Silence as Yoga

I recently read, and would highly recommend, Silence as Yogaby Swami Paramananda. One of the themes that spoke to me the most was  how the practice of silence can lead to much more productive and fruitful action.  Out of silence emerges creative thought, focused energy, calm resolve. Often, when meditating, it feels frightening to let go of the mental noise, as though we cannot be productive without constantly adding to our mental list of tasks that need to be completed. Our energy becomes scattered as we try to hold everything in at once.

When the mind focuses on trying to hold on to worries and the other million things we have to do, we are unconsciously hiding a deeper emotional issue. Underlying stress and anxiety is a fear of letting go, a fear of surrender, ultimately, a fear of death. We are terrified that if we let go, everything will come apart and we will die. Anxiety and stress are coping mechanisms for fear of death.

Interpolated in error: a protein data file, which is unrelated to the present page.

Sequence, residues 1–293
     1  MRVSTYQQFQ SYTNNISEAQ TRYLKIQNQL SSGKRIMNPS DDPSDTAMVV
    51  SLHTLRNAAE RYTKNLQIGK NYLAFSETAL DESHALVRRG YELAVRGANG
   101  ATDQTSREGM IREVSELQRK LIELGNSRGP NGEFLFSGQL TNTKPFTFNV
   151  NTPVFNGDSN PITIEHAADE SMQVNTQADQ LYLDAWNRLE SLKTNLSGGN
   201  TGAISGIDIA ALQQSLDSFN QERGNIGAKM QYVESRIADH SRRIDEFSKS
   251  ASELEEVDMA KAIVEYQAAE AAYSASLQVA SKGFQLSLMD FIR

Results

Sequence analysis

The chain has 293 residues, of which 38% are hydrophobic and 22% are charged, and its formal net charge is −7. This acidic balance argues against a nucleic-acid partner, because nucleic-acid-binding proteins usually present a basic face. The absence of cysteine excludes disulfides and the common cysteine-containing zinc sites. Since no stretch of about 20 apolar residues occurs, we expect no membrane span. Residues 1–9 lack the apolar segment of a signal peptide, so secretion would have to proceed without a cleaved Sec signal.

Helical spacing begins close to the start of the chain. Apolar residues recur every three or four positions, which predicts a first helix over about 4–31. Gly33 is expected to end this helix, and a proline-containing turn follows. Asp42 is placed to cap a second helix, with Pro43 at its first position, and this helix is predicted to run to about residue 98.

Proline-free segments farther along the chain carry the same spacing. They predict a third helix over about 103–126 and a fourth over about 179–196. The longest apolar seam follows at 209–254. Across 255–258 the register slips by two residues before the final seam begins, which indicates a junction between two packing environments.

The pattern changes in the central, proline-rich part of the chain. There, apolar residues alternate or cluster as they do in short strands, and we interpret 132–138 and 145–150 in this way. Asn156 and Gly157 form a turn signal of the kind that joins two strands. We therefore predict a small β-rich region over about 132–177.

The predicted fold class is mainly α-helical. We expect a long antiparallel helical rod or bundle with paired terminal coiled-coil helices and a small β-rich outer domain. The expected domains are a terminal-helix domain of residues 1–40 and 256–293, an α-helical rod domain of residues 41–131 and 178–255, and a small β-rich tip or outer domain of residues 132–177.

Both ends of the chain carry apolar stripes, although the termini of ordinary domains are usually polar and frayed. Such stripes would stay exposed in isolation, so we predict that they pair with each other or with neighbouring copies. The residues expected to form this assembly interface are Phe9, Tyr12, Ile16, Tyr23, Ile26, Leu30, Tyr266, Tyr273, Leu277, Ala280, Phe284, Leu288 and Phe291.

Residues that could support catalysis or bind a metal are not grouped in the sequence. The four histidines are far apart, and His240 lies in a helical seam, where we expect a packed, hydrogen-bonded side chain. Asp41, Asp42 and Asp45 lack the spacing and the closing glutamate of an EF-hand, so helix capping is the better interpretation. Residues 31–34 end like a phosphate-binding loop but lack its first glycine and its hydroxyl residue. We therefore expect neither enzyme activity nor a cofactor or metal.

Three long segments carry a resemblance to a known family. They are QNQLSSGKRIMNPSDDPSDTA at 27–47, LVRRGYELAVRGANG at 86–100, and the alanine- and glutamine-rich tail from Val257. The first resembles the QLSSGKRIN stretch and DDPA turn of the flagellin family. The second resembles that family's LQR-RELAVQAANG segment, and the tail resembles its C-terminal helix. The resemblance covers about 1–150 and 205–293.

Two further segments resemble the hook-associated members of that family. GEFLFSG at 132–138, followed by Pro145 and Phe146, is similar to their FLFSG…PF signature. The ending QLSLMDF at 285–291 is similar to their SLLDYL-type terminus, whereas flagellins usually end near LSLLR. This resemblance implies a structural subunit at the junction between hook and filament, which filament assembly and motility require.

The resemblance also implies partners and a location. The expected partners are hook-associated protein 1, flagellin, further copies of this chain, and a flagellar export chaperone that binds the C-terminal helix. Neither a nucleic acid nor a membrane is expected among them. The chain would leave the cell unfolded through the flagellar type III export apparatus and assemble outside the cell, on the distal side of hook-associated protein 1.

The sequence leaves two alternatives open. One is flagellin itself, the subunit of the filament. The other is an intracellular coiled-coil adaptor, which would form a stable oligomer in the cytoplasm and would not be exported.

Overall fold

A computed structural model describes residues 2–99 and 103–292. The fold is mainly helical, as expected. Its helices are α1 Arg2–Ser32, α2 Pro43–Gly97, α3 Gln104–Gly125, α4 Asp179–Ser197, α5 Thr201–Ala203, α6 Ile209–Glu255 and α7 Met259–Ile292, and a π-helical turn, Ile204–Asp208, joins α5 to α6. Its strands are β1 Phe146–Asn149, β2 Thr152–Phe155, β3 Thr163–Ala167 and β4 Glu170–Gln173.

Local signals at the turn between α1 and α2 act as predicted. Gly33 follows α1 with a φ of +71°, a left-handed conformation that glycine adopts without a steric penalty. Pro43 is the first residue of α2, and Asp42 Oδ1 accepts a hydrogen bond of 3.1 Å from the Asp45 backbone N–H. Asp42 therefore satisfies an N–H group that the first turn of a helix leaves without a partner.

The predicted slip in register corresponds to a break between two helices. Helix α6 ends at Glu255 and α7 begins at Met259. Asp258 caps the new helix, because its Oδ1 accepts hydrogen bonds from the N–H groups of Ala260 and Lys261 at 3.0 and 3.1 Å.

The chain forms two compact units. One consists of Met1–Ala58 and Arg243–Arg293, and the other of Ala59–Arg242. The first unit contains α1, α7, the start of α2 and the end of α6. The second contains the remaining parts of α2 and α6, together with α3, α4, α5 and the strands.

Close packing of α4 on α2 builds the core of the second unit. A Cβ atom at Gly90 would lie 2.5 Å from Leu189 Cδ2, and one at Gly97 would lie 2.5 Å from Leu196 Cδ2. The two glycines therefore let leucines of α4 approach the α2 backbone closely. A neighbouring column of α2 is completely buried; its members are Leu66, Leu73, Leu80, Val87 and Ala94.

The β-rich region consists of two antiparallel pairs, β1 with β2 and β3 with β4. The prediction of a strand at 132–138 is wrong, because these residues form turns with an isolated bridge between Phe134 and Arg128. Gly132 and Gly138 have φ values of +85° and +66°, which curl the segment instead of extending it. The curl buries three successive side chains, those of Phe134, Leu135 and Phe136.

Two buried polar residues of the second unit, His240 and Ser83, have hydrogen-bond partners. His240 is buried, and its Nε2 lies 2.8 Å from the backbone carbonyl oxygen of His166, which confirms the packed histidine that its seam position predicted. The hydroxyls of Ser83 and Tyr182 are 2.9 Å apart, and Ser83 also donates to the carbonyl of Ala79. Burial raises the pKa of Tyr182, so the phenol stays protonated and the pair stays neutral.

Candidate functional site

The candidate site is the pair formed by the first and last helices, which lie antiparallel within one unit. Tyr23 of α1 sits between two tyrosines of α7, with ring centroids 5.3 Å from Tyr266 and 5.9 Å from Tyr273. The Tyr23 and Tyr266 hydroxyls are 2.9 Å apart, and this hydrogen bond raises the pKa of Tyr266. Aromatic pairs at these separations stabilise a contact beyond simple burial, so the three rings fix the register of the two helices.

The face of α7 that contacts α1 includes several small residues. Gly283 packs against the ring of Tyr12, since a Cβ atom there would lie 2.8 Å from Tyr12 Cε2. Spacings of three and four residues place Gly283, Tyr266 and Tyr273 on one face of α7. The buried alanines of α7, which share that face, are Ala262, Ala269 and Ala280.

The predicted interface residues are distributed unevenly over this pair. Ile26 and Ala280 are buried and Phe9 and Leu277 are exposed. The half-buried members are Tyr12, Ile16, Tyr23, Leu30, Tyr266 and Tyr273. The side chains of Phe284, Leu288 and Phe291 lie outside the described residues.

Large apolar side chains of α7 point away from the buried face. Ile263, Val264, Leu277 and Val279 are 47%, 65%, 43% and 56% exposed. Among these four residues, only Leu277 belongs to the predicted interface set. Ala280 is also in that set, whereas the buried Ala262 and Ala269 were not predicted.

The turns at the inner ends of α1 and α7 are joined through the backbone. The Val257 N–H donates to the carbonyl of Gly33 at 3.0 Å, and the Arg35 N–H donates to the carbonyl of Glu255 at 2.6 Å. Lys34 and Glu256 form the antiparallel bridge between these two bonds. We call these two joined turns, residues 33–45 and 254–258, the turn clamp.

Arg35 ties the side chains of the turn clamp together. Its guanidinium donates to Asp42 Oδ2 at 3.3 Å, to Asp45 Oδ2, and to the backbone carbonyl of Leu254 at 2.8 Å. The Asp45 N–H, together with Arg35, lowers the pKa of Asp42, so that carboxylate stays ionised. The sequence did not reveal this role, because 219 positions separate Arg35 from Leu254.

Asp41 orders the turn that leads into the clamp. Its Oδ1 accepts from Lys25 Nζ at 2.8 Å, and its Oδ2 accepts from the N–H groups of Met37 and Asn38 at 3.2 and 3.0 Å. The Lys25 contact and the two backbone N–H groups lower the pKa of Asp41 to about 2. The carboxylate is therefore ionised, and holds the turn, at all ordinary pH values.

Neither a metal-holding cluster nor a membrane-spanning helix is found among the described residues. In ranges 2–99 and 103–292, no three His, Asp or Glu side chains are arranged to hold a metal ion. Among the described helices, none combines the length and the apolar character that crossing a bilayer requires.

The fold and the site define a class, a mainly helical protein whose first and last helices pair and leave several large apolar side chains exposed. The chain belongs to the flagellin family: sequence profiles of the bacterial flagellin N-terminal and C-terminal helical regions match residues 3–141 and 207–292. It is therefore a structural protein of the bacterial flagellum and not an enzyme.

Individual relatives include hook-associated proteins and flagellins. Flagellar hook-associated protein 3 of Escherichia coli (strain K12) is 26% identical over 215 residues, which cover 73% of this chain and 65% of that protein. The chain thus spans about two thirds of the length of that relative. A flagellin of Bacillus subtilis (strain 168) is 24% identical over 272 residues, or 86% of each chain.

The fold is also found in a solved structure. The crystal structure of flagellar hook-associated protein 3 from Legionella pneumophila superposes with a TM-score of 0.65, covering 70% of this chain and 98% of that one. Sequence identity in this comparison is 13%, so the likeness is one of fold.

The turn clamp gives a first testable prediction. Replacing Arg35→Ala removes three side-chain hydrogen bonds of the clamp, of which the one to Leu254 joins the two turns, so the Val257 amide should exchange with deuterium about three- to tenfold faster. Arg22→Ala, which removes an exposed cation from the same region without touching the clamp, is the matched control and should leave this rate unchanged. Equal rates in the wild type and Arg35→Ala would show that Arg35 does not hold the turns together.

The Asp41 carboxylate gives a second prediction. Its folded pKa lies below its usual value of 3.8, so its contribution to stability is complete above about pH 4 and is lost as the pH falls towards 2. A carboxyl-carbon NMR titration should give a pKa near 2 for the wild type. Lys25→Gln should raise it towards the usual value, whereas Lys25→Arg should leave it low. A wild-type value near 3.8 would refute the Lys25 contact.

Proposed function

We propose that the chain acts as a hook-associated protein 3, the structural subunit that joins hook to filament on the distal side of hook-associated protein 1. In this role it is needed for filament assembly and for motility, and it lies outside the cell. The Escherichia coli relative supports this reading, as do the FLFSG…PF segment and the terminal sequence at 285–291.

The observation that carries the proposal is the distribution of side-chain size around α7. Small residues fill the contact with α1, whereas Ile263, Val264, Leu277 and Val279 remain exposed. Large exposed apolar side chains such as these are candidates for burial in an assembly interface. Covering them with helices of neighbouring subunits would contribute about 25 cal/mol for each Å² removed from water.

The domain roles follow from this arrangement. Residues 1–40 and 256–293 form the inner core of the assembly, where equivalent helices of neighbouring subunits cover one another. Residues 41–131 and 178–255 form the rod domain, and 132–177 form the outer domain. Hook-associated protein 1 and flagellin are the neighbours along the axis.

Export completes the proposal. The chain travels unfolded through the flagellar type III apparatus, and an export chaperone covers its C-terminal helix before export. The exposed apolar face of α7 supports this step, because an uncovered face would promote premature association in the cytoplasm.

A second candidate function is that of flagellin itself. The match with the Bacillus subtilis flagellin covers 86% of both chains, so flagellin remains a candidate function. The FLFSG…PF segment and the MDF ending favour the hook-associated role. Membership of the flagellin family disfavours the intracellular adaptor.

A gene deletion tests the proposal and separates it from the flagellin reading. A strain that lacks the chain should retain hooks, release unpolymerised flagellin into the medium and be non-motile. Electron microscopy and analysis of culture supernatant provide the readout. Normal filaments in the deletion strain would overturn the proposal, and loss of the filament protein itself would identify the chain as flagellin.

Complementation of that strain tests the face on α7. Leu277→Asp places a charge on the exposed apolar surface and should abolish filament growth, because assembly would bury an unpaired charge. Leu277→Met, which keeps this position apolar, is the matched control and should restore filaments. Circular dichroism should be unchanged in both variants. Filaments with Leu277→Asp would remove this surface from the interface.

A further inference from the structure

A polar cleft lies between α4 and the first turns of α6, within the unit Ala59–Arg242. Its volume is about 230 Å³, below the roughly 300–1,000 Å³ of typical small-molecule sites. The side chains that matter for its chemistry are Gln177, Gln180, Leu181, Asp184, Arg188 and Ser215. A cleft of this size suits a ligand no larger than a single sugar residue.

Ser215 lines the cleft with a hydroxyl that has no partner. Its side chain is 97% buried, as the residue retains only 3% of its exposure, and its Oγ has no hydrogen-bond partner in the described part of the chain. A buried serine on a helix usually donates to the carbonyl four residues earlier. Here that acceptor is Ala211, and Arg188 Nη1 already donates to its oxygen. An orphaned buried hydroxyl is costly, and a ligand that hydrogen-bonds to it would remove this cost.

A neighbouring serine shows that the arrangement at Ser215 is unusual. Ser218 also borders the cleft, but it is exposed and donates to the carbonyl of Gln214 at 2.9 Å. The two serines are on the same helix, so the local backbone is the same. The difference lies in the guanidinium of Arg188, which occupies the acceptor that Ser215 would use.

Then, when we strip away another layer, we find another hidden assumption, and the root of our ego. The feeling that if we let go, everything will fall apart is akin to thinking that we are God. It is an illusion to imagine that through our minds we have real control over ourselves, our lives, and especially the entire world. This does not imply powerlessness or weakness at all. In fact, only once we recognize this can we connect to our true power. Many spiritual paths and religions assert the paradox that one must die to live. As Paramananda says, creativity, focus and energy comes out of silence. It may seem impossible that action and energy comes from silence.  Our ego, the surface level where our fear and anxiety resides, must be moved away so that the deeper levels can emerge and the reality of Tat Tvam Asi (I am That) can be realized.

“If water derives lucidity from stillness, how much more the faculties of the mind! The mind of the sage, being in repose, becomes the mirror of the universe, the speculum of all creation.” -Chuang Tzu

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